by Rev. Brenda Bos
It starts in high school. We get separated into groups: the cool kids, the nerds, the jocks, the band kids. Smart kids, dumb kids. Thugs. Cheerleaders. Some of these labels are accurate; some are not. Some of these labels we shrug off in adulthood; some bleed into our later years in unhelpful ways.
You can bet most people who struggle with self-esteem as adults were told they were stupid as kids. Unhealthy adults may have been too sick to exercise as children; they may also have been told they weren’t athletic and became couch potatoes after that. Kids who were told they were “bad” often act that out into adolescence and young adulthood.
The same is true with creativity. Young children believe they are capable of making great art, and preschool teachers encourage this. Draw this, color that, use finger paints to cover the refrigerator (am I the only one?). There are many opportunities to be creative as a child. But at some point, someone tells you your drawings aren’t good. Or we hear the more common response: “You might be talented, but you could never make a living at that.” The creative urges go away. If you can’t make money at something, you should not waste your time doing it. The label “I’m not creative” gets stuck in our head.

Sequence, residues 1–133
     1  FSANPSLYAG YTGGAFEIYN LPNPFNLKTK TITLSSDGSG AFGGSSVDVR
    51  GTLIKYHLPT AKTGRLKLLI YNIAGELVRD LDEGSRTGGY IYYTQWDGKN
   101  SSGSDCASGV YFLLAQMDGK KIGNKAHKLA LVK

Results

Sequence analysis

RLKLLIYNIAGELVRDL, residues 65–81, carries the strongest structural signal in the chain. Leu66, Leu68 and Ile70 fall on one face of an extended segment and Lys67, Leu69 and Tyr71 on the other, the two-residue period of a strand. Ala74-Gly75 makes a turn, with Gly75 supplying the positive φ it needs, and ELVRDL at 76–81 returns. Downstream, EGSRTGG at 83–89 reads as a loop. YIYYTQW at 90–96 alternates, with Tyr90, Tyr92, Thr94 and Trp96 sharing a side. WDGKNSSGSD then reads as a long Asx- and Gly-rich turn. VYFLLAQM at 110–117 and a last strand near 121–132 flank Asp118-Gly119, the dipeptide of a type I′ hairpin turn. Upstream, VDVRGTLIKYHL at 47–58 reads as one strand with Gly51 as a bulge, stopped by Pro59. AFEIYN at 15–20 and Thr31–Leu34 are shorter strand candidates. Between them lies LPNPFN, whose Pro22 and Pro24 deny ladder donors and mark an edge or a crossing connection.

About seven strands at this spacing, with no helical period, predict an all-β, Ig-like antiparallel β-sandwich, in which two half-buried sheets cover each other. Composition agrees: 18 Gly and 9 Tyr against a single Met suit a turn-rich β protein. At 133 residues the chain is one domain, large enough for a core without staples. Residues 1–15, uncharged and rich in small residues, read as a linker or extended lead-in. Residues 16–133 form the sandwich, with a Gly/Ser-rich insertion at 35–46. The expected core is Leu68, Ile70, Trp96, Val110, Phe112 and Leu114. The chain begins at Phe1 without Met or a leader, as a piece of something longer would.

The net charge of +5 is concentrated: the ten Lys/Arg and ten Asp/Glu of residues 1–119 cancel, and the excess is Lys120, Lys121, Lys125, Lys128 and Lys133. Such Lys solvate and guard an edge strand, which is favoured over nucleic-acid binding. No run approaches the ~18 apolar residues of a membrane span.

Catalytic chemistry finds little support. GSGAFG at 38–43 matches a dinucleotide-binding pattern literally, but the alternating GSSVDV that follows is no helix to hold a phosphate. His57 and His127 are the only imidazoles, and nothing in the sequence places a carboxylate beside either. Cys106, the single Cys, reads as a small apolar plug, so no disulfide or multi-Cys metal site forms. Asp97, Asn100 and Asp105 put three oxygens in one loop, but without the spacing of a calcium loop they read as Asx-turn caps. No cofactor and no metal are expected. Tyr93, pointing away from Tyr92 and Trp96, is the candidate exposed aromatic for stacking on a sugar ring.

But hold up. Let’s look at God, our Creator. I mean, that’s one of the main names we give God, right? So if God is the creator, and if we are made in God’s image…oops. You see how quickly I can make the argument that we must all be creative: If we are God’s children and we inherited some of God’s characteristics, we simply are creative.
Humans are amazingly adaptive. We can live in freezing winters or in the desert. We swim and run, and for better or worse, we can eat just about anything. We also make use of tools around us. Remember that lesson in school? We are one of the few mammals who use tools, which gives us the ability to be incredibly creative. Yes, every time you pick up a knife and fork, you are crushing creativity. We also have opposable thumbs, a real game-changer in the animal kingdom.